A pair of movies at the Detroit Film Theatre on July 25, 2015 showed how human beings can respond to being pushed to the limit, both by circumstance and by their own choice.

The DFT 101 afternoon film Forbidden Games (1952) portrayed how a young French girl tried to cope with the sudden deaths of her parents during World War II. The evening feature Sunshine Superman was a stirring new documentary about a man who helped create an extreme sport in which people sky-dived from high, stationary objects like cliffs and buildings.

I was particularly looking forward to seeing these films because they reminded me of two other movies that I had first seen at the DFT.

Forbidden Games made me think of the French film Ponette (DFT, May 1997), which followed a young girl’s journey of grief after the death of her mother in a car crash.

Sunshine Superman seemed like a companion piece to Steep (DFT, February 2008), which chronicled the often death-defying and sometimes death-inducing sport of big mountain snow skiing.

I had seen Forbidden Games several times on home video, but this was the first time that I had the privilege of seeing it on a big screen. Once again, the efforts of a film restoration organization had helped give new life to a movie, in both its physical condition and in the awareness of the minds of film buffs.

Brigitte Fossey’s lead role as the little girl Paulette in Forbidden Games has received much deserved praise and attention. But seeing Forbidden Games in a theater gave me more appreciation for the performance of Georges Poujouly, the young farm boy Michel who befriends Brigitte’s character.

By the end of Forbidden Games, Michel has gone through a tumble of emotions as he makes a new friend and then loses her. And all the while, he is going through the growing pains of youth as a full participant in the family farm work during a stressful time of war.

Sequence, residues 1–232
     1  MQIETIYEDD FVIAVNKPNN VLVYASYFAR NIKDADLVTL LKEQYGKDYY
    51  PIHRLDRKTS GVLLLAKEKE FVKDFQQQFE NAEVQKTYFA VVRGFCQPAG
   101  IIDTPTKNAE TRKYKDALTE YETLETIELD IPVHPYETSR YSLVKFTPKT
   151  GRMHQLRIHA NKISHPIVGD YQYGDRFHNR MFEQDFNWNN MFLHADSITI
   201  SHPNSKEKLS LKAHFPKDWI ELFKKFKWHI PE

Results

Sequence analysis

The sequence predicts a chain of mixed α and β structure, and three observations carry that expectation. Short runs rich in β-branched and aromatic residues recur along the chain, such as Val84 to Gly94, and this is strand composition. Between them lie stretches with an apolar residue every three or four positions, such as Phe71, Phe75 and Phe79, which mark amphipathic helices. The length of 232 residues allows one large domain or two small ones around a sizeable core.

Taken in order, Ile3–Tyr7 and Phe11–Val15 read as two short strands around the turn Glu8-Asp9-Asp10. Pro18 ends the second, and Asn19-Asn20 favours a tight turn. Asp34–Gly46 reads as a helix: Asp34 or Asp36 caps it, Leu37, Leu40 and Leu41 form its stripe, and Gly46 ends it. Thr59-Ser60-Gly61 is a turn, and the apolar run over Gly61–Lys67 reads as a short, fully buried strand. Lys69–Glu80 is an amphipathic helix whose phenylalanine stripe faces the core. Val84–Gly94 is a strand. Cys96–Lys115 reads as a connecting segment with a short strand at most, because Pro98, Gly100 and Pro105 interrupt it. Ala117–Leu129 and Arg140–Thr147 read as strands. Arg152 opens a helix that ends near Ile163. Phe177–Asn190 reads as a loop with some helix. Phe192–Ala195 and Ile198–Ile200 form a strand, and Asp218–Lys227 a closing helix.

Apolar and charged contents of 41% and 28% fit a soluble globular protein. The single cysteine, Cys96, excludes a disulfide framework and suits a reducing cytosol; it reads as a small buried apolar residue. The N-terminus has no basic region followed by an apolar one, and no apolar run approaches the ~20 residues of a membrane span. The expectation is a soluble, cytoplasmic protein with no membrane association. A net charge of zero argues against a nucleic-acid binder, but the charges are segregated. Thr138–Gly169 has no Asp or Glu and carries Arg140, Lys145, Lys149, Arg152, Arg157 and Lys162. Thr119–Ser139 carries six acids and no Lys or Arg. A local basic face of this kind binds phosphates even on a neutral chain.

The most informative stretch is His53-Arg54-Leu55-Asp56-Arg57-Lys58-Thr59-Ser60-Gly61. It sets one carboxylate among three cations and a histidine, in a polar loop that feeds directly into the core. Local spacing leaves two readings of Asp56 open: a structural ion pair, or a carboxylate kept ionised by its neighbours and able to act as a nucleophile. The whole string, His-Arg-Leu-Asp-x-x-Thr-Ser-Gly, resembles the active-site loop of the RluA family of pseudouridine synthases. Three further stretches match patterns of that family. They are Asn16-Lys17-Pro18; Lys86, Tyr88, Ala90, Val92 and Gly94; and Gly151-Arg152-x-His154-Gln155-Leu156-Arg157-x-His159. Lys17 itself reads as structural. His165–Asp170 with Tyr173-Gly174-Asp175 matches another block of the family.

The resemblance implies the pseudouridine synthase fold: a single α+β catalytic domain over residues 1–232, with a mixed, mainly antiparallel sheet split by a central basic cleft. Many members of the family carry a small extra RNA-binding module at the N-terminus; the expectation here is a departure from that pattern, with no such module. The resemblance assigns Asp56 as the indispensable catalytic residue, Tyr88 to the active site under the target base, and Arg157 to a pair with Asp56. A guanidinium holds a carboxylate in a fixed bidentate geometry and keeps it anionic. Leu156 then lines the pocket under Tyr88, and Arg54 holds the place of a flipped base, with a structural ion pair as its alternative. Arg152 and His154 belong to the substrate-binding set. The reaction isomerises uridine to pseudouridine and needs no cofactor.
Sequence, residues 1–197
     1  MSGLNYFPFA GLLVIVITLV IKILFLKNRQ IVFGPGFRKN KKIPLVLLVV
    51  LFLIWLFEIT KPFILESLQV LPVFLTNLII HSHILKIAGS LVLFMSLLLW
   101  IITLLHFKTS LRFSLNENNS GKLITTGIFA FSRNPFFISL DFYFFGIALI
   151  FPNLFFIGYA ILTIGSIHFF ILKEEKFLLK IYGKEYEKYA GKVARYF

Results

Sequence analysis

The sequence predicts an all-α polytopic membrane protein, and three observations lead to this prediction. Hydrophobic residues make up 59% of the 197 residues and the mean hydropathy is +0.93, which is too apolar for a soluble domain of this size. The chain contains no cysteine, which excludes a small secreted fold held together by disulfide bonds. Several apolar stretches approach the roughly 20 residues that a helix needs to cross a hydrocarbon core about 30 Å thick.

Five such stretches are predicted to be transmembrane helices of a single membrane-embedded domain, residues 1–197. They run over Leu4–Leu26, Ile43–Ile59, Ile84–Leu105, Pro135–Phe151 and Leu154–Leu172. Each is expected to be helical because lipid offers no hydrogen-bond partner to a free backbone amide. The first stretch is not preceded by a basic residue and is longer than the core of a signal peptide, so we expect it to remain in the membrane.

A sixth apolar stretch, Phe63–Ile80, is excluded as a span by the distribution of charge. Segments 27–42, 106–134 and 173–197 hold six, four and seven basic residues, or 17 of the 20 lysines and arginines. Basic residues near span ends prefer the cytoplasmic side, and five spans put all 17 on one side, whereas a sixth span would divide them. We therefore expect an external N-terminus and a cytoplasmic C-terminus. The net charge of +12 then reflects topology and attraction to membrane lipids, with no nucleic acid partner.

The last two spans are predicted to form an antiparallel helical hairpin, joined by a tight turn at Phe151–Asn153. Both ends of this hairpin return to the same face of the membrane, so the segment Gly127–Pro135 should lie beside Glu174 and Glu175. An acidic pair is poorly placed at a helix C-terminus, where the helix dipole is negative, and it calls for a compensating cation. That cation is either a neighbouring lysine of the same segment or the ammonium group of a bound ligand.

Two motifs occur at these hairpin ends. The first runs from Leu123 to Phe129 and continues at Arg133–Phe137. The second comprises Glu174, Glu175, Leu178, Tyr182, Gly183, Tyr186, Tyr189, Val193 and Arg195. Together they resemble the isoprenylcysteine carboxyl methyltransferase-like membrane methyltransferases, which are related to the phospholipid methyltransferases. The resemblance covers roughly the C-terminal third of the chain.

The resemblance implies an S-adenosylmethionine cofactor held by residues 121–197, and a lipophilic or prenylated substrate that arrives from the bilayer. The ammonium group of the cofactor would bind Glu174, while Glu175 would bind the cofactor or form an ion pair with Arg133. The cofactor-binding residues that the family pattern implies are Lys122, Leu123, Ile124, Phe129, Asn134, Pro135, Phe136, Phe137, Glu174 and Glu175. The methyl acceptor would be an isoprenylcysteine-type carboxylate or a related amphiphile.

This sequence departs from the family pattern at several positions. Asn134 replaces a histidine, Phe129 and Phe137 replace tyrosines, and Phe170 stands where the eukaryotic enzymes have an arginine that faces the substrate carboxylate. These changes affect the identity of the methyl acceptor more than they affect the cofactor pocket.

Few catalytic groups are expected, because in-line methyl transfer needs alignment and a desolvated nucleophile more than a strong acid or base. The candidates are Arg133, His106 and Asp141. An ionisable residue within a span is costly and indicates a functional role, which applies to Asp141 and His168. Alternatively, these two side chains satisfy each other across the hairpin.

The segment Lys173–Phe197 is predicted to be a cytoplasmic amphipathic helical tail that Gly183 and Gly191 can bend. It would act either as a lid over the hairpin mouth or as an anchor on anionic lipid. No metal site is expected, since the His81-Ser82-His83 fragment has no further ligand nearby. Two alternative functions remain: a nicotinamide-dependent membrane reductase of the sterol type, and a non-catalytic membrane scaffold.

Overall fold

But Paulette still had her grasp on everyone’s heart during the movie, as we wondered how she would get from one day to the next, after watching her parents and (maybe just as importantly) her dog get killed in the film’s opening sequences.

Another thing that came across more strongly on the big screen was the pain of the separation of Paulette from her new, but temporary, family of Michel, his parents, and his siblings.

In some ways, Forbidden Games would have been an appropriate title for Sunshine Superman. During the documentary, participants often talked about how they pushed the local laws to the limit as they pursued a sport that became known as BASE jumping—parachuting from Buildings, Antennas, Spans (bridges), and Earth (cliffs).

The leader of this group, Carl Boenish, was a powerhouse of enthusiasm who often made very compelling arguments for attempting what are very risky activities. Throughout the movie, you felt that this former engineer had a strong awareness of the laws of nature, and that he genuinely wanted to inspire others to push the limits of their capabilities, even by just getting up and mowing the lawn.

After Sunshine Superman, most people in the DFT crowd seemed powerfully moved and inspired by Carl Boenish and his fellow jumpers, even after learning that Carl tragically and fatally learned the limits of nature, just a few hours after one of his most famous jumps.

The closing credits were almost as entertaining as the movie, with Donovan singing the song that gave the movie its title, and final happy images of Carl and his loving wife and jump partner Jean Boenish.

During Sunshine Superman, Carl Boenish talked about how being child-like can mean that nobody has told you yet what you can’t do. Later, I thought about how that helped explain parts of Forbidden Games, in which Paulette and Michel play some innocently blasphemous games that anger some adults, but help the two young children cope with the challenges of the much bigger world.

Detroit Movie Palaces Home Page

Copyright 2015 by Robert Hollberg Smith, Jr.


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